A lot of us have been there, playing on our Gameboy and experiencing one of the greatest games of our life, when all of a sudden the power kicks out as the batteries give out and your game is utterly lost. Okay, so maybe some people had the foresight to stock up on batteries and switch them out regularly, but if one could use solar power and had the ability to generate energy to power the game by mashing the buttons, would it be worth it? Apparently that’s the thought behind these new Gameboy prototypes since solar power is already a big thing with a lot of folks, and the ability to power a game system using the buttons as a way to gather energy could be something that a lot of people could get behind. But the idea of this being a perfect system isn’t quite as true as people might want it to be. Solar technology is great to be certain, but it’s not quite as reliable as people want to believe at all times since the term ‘solar’ indicates that it’s not going to play well in artificial light or anything that doesn’t manage to generate a current. Plus, the fact that some games don’t take as much button-pushing as others is certain to be a factor.
It does sound as though the designers have thought about this and have found a way that device can switch back and forth from power modes in order to make the Gameboy work without needing to be recharged, but one has to wonder what happens when the Gameboy is left for long enough without being played. Is the device going to hold a charge for that long? What about winter months in some regions where the sun doesn’t shine as often. It’s true that one can gain access to solar energy during cloudy days at times, but it’s still a bit inefficient for the needs of something that requires a substantial amount to keep running. Plus, it does sound as though there’s an interruption every ten seconds that only lasts one second but is still noticeable since it happens repeatedly. How this is going to be fixed isn’t known at the moment, but it does sound like a rather big issue to be sorted out, along with the idea of the solar power being made plentiful and the charge remaining within the device.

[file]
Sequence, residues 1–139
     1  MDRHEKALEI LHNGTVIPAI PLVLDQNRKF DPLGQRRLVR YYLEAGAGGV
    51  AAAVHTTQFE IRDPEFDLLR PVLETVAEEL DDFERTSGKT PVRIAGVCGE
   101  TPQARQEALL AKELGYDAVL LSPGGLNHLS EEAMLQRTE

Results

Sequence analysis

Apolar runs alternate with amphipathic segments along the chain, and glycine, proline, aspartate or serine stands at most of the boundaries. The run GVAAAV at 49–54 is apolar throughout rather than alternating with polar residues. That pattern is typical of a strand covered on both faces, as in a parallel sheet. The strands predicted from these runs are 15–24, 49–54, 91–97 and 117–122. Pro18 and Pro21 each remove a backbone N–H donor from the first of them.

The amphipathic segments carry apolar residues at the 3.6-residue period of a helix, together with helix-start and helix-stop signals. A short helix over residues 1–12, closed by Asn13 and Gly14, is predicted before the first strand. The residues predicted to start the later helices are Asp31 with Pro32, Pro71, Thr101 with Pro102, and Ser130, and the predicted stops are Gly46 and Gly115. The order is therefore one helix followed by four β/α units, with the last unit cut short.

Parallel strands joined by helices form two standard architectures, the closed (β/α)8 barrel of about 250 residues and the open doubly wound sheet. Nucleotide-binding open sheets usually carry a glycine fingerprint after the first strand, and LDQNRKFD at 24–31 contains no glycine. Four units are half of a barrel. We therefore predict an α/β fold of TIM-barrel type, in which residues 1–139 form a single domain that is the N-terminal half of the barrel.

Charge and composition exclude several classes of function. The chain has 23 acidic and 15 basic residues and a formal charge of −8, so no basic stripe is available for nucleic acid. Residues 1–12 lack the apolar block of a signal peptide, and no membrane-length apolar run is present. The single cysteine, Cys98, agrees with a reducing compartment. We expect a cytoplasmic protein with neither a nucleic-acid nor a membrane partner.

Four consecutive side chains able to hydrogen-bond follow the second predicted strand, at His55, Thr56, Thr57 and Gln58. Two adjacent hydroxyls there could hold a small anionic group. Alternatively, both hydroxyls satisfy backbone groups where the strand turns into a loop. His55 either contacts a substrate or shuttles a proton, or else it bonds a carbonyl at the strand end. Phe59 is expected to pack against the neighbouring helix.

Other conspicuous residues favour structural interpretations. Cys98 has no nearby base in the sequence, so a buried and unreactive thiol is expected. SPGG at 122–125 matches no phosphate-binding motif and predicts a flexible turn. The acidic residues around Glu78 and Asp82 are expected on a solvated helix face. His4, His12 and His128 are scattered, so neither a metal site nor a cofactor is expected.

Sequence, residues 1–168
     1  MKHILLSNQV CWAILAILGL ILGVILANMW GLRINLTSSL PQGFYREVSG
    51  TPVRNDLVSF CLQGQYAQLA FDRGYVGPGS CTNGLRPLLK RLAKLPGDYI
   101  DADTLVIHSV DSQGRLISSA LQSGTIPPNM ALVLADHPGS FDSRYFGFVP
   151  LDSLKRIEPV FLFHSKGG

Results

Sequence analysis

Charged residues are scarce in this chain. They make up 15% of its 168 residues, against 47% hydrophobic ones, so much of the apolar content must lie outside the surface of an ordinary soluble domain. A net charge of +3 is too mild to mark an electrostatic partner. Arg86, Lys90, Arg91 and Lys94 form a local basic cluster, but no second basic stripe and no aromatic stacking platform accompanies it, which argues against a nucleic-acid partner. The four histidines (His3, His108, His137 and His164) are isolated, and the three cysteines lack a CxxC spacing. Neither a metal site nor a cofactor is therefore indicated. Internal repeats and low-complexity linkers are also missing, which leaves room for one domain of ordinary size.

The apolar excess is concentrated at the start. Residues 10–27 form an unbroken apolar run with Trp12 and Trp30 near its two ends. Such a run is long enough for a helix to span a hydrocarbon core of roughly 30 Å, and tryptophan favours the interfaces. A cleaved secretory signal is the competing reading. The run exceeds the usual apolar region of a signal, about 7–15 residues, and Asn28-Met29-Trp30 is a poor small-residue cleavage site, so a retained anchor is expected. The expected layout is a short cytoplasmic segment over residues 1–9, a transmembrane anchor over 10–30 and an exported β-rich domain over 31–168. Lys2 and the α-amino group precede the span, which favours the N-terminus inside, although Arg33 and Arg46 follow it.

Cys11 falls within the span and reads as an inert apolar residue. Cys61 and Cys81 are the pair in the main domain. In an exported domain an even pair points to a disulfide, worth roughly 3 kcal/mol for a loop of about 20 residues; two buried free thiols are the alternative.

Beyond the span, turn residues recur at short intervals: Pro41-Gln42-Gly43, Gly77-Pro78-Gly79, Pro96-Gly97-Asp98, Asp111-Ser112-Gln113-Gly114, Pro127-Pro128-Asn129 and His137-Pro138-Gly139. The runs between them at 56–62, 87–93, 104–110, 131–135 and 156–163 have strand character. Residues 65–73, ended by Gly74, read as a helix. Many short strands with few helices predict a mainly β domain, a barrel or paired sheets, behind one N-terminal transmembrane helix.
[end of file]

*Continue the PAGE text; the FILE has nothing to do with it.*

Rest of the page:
This idea is sound enough to get behind it, but at the same time the reliance on solar power, which is a good thing to be certain, is still heavily reliant on what a lot of people call ‘dirty energy’ since it still requires manufacturing and the production of said Gameboys to be useful. This is what a lot of people don’t tend to get, and while the idea of generating power by mashing buttons sounds like an interesting concept it tends to make a person think that the power that’s being generated just by pushing buttons is going to be more than enough to make the device work when there’s no solar power to be had. But what does that mean? Does it mean that a player will have to keep pushing the buttons to keep the lights on and the game going? That sounds like an exercise in exhaustion simply because it doesn’t sound feasible to keep a Gameboy running without one’s fingers dancing over the buttons and hitting them as often and as hard as they can. As much as some people might actually do this, it doesn’t sound as feasible as anyone would try to make it. In a big way, it sounds like a fanciful idea, though if it can be made to work it could still be something that’s not quite as reliable simply because a lot of people don’t sit and mash the buttons as much as professional gamers might. That’s a big reason why this model kind of fails immediately since it doesn’t sound as though there are any real guarantees that it’s going to be the same experience for everyone or that it’s going to work as promised. And that interruption every ten seconds does sound as though it would get a bit old after a while.
The Gameboy has gone through an evolution just as much as anything, and if this is the next step then it might be worth looking into if those that are designing it can work all the bugs out of the system and really make it work in a practical fashion. The issues that were pointed out above are rather practical, even if there are plenty of arguments to refute them. Solar power is great when it works, and it does for the most part, but when it comes something such as a game system it feels more like a fanciful idea than reality at this point.